## Engage NY Eureka Math 8th Grade Module 4 Lesson 5 Answer Key

### Eureka Math Grade 8 Module 4 Lesson 5 Example Answer Key

Example 1.
One angle is five degrees less than three times the measure of another angle. Together, the angle measures have a sum of 143°. What is the measure of each angle?

Provide students with time to make sense of the problem and persevere in solving it. They could begin their work by guessing and checking, drawing a diagram, or other methods as appropriate. Then, move to the algebraic method shown below.
→ What do we need to do first to solve this problem?
→ First, we need to define our variable (symbol). Let x be the measure of the first angle in degrees.
→ If x is the measure of the first angle, how do you represent the measure of the second angle?
→ The second angle is 3x-5.
→ What is the equation that represents this situation?
→ The equation is x+3x-5=143.
→ The equation that represents this situation is x+3x-5=143. Solve for x, and then determine the measure of each angle.

As students share their solutions for this and subsequent problems, ask them a variety of questions to reinforce the concepts of the last few lessons. For example, ask students to discuss whether or not this is a linear equation and how they know, to justify their steps and explain why they chose their particular first step, to explain what the solution means, or to justify how they know their answer is correct.
x+3x-5=143
(1+3)x-5=143
4x-5=143
4x-5+5=143+5
4x=148
x=37
The measure of the first angle is 37°. The second angle is 3(37°)-5°=111°-5°=106°.

Example 2.
Given a right triangle, find the degree measure of the angles if one angle is ten degrees more than four times the degree measure of the other angle and the third angle is the right angle.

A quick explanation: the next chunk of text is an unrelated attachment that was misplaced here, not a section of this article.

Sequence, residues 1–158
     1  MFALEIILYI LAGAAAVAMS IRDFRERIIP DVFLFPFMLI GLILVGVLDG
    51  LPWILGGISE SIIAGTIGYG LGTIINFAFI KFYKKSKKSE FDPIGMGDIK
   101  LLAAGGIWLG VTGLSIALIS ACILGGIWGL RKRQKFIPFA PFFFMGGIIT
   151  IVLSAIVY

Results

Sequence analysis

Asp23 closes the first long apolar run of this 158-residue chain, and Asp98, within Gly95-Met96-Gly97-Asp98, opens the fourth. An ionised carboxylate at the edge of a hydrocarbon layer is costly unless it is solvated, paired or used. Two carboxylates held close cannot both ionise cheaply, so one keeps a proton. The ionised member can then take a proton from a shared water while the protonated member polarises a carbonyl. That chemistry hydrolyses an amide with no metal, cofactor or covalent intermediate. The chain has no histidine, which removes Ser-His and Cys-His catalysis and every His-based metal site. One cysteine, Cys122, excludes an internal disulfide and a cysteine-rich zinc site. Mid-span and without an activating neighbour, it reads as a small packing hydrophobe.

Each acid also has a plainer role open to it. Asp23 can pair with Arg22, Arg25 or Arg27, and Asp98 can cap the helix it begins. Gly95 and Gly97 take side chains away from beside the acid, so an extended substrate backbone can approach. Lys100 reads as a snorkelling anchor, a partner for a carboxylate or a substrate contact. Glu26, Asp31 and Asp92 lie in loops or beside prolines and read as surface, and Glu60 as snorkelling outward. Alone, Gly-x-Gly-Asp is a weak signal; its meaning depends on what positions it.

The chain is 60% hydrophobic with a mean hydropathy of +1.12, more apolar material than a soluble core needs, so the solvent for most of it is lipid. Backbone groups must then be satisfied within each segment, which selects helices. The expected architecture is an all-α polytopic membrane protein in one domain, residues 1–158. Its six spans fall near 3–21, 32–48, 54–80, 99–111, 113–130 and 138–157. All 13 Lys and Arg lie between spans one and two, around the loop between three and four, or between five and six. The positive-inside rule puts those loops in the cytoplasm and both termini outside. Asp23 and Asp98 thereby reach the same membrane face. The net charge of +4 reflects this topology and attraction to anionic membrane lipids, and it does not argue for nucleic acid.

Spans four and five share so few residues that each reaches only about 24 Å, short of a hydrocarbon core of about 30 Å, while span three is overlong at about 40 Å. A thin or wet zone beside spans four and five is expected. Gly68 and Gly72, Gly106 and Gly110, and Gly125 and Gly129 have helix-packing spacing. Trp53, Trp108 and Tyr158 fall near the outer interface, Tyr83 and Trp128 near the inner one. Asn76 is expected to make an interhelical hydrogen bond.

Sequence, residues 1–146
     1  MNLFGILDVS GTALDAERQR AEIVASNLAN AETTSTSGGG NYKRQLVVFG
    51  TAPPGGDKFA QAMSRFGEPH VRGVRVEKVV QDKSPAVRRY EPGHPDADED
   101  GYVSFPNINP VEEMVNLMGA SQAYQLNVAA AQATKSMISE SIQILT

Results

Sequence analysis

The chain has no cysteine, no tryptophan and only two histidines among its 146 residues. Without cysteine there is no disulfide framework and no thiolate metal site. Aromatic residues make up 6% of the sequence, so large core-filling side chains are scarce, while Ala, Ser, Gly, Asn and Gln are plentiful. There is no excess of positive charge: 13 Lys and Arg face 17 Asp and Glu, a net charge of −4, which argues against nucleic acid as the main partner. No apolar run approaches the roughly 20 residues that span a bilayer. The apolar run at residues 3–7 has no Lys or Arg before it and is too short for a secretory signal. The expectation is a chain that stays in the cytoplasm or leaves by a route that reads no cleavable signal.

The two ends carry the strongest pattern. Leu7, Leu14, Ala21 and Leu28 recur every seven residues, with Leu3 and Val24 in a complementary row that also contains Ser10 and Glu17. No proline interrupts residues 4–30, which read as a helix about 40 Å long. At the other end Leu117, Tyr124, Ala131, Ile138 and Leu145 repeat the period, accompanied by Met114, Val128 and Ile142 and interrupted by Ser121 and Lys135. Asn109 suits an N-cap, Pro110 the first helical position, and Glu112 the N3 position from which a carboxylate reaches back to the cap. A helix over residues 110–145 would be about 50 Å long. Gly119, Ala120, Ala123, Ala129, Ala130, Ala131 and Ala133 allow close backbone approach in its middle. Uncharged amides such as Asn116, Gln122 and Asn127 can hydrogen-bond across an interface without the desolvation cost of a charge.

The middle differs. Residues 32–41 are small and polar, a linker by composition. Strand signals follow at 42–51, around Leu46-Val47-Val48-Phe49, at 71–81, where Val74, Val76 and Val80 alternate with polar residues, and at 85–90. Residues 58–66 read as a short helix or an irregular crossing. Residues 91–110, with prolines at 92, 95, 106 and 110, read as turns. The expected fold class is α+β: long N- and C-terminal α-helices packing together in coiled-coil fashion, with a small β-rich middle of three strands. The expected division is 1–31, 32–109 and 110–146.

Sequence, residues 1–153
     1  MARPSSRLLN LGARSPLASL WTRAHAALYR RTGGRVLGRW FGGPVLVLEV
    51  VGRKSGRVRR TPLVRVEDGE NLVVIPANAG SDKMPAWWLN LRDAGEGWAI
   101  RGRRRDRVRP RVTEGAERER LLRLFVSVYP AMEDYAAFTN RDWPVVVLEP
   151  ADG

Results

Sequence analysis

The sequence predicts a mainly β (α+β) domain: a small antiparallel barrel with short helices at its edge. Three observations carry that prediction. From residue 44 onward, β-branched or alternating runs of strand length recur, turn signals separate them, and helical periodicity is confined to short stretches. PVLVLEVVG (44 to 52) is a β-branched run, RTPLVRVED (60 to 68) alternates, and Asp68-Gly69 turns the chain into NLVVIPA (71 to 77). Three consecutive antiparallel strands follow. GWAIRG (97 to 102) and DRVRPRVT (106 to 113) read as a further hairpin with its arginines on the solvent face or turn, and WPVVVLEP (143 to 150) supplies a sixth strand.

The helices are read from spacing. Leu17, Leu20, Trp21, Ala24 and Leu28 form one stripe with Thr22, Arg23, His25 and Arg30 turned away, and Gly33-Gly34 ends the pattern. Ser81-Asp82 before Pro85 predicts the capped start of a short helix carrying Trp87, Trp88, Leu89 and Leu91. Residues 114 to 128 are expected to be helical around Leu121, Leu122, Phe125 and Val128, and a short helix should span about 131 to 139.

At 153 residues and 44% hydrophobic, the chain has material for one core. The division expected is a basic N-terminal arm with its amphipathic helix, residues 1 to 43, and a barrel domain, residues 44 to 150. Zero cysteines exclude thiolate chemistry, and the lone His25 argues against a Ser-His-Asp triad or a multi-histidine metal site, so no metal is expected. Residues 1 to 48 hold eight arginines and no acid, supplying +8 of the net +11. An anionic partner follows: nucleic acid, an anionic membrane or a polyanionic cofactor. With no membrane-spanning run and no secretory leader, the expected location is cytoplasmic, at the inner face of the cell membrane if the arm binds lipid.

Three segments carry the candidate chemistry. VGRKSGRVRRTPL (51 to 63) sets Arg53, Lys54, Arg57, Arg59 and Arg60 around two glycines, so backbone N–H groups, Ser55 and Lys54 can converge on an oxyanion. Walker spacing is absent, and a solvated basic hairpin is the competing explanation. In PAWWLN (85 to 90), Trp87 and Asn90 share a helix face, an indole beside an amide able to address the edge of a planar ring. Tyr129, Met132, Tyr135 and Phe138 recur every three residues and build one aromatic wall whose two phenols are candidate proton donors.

Give students time to work. As they work, walk around and identify students who are writing and solving the problem in different ways. The instructional goal of this example is to make clear that there are different ways to solve a linear equation as opposed to one “right way.” Select students to share their work with the class. If students do not come up with different ways of solving the equation, talk them through the following student work samples.
Again, as students share their solutions, ask them a variety of questions to reinforce the concepts of the last few lessons. For example, ask students to discuss whether or not this is a linear equation and how they know, to justify their steps and explain why they chose their particular first step, to explain what the solution means, or to justify how they know their answer is correct.
Solution One
Let x be the measure of the first angle. Then, the second angle is 4x+10. The sum of the measures for the angles for this right triangle is x+4x+10+90=180.
x+4x+10+90=180
(1+4)x+100=180
5x+100=180
5x+100-100=180-100
5x=80
x=16
The measure of the first angle is 16°, the measure of the second angle is 4(16°)+10°=64°+10°=74°, and the measure of the third angle is 90°.

Solution Two
Let x be the measure of the first angle. Then, the second angle is 4x+10. Since we have a right triangle, we already know that one angle is 90°, which means that the sum of the other two angles is 90: x+4x+10=90.
x+4x+10=90
(1+4)x+10=90
5x+10=90
5x+10-10=90-10
5x=80
x=16
The measure of the first angle is 16°, the measure of the second angle is 4(16°)+10°=64°+10°=74°, and the measure of the third angle is 90°.

Solution Three